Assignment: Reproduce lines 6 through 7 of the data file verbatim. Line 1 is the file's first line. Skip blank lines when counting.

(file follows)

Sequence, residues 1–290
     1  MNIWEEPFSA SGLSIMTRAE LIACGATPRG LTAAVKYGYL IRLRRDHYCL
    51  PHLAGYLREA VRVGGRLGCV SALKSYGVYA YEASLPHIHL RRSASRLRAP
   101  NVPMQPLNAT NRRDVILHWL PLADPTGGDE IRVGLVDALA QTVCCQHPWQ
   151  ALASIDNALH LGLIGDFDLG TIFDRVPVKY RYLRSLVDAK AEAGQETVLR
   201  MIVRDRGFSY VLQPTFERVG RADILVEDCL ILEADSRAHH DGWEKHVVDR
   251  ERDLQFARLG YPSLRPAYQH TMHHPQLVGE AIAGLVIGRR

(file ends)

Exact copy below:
   201  MIVRDRGFSY VLQPTFERVG RADILVEDCL ILEADSRAHH DGWEKHVVDR
   251  ERDLQFARLG YPSLRPAYQH TMHHPQLVGE AIAGLVIGRR